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Accurately reporting data on a personal property claim is a big deal…

It is often rightly said that one of the trickiest parts of property insurance claims is the contents portion of the claims. Even if you, the insured, save receipts to prove the age and cost of your personal property, those receipts are probably stored in the same general place as your personal property and thus will suffer the same fate in the event of a catastrophe.  This should not be.  Plan ahead.  Store all pertinent receipts of your valuables in a fire proof safe.

Additionally, policy holders are often left to estimate the age and costs of your personal property. This leads to a great deal of disagreement and possible litigation between policyholders and their insurance carrier. The bottom line is this:  When presenting a claim for contents damage or theft, it is absolutely imperative that the claim be accurate and verifiable. And it is far better to leave questionable items OUT of a claim than to face an allegation of fraud.  Be honest, thorough, detailed, and forthright.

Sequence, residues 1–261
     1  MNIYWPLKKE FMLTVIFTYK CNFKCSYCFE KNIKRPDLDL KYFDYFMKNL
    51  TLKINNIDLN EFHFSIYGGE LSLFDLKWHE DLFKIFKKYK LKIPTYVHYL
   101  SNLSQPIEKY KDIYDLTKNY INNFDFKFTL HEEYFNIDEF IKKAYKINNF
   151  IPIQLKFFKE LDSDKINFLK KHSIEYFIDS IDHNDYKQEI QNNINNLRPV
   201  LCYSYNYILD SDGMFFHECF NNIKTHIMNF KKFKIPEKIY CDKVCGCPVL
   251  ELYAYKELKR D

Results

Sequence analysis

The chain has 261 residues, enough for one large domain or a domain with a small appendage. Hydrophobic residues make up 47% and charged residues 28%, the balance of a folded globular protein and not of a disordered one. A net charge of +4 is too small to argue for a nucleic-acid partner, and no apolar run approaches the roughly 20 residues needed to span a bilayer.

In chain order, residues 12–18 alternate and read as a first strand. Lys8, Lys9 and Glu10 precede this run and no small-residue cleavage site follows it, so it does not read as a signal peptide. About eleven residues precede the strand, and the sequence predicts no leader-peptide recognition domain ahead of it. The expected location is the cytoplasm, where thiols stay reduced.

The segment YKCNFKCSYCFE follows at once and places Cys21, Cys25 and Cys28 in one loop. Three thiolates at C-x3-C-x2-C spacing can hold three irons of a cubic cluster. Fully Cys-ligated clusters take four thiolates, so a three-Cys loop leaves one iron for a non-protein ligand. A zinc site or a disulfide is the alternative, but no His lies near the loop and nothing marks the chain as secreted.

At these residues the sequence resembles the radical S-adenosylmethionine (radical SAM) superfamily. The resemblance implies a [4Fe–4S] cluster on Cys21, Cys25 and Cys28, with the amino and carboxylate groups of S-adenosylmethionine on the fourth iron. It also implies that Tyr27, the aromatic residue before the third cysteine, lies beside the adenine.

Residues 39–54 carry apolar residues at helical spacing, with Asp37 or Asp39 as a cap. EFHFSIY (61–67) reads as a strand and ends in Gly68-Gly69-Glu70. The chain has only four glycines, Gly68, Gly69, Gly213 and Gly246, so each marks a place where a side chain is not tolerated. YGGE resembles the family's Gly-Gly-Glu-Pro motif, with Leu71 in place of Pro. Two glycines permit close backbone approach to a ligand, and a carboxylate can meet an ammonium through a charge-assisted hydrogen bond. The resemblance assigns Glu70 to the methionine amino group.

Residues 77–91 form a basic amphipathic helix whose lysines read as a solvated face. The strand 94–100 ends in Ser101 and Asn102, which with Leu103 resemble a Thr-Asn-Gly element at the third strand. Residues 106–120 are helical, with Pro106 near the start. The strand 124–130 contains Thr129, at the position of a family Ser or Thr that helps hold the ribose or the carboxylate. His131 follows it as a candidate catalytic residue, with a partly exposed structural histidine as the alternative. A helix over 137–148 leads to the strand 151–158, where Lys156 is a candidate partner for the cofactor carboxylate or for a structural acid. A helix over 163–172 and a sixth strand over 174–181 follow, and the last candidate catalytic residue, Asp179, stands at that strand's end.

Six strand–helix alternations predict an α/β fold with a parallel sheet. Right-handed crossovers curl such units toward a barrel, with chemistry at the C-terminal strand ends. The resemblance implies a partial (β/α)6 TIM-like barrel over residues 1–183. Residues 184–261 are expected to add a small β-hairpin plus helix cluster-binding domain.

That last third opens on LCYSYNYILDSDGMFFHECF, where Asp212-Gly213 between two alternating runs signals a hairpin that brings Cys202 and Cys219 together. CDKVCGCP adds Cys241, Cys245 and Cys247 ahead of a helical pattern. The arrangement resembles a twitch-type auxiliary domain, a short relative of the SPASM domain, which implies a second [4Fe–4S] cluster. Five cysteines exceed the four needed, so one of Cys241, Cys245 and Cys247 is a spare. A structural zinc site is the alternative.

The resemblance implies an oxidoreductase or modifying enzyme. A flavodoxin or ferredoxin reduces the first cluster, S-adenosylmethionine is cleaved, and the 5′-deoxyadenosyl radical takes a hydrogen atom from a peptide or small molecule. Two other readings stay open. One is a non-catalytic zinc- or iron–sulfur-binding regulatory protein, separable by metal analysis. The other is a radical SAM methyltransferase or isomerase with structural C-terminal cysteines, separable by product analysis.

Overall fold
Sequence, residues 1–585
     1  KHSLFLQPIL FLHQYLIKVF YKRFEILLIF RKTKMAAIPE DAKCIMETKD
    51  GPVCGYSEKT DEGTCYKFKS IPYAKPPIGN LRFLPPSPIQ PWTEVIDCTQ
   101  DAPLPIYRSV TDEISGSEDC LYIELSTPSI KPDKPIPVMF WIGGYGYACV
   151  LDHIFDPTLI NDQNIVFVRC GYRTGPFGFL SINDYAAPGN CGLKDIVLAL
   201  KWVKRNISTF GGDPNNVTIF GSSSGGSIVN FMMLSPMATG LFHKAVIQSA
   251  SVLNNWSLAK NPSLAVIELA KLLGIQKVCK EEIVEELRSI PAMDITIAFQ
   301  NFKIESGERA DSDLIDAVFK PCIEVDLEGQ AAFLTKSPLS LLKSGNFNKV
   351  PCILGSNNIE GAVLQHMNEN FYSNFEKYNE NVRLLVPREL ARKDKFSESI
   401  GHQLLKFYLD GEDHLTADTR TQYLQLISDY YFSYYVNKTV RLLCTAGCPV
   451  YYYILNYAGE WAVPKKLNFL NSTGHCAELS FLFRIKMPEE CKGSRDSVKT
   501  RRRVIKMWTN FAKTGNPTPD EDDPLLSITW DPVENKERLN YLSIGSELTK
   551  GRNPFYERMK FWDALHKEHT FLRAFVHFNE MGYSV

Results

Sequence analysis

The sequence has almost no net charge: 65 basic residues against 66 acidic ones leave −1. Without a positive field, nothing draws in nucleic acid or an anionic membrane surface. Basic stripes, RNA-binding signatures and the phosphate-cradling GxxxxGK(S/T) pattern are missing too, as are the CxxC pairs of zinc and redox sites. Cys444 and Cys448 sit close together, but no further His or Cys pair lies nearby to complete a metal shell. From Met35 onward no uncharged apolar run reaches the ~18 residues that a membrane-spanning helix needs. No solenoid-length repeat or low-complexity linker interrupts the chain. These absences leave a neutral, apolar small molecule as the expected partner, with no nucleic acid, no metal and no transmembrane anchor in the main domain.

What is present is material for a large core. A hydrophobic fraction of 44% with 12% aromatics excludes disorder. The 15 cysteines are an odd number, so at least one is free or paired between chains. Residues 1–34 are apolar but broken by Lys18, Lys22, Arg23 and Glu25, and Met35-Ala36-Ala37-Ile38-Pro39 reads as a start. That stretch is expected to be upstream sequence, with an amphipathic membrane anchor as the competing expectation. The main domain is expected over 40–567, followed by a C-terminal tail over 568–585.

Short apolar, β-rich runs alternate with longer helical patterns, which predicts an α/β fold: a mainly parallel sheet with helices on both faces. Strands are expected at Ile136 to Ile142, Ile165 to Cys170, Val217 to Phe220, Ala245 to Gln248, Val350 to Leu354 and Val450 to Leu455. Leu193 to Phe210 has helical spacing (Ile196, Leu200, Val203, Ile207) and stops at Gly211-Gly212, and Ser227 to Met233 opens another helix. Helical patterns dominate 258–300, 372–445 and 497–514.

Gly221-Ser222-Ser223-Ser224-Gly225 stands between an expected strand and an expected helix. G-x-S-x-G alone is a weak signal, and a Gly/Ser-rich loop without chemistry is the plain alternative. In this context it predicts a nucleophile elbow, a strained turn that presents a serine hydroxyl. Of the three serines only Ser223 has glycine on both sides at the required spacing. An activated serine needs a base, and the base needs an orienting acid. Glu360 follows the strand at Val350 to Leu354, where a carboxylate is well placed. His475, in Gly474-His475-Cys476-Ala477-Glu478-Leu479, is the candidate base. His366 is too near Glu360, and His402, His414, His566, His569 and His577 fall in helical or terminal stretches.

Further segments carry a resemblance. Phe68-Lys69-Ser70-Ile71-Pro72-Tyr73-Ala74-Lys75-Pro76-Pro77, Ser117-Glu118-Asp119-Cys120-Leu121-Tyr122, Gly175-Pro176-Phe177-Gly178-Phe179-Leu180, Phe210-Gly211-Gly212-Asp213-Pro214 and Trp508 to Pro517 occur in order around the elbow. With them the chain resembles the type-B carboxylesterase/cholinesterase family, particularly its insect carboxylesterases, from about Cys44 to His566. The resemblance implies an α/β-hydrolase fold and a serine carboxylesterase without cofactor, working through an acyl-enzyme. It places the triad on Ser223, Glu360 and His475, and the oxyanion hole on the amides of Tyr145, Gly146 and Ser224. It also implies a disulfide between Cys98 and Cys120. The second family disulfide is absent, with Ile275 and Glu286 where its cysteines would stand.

Charges for additional damage could result from incomplete or ineffective mitigation procedures

If the damage to your home is not properly mitigated with approved industry standard techniques and practices, additional property damage and subsequent charges could result from this neglect.  Individuals who are not properly certified to repair your home simply lack the necessary skills that are needed to do what’s right.  It’s easy to overlook the small details, but quite costly.

It’s really that simple.   If you call on us, you won’t have this problem.  Along with providing a complete turn-key service from start to finish, we also offer professional advice and guidance all along the way.  It is our goal to not only engage you with the highest level of professionalism but also to handle your job requirements with the utmost care and attention to detail.  Call us now at 770-591-7083.  Or if it’s an after-hours emergency call 1-888-YOUR-911, which is our 24/7 hotline.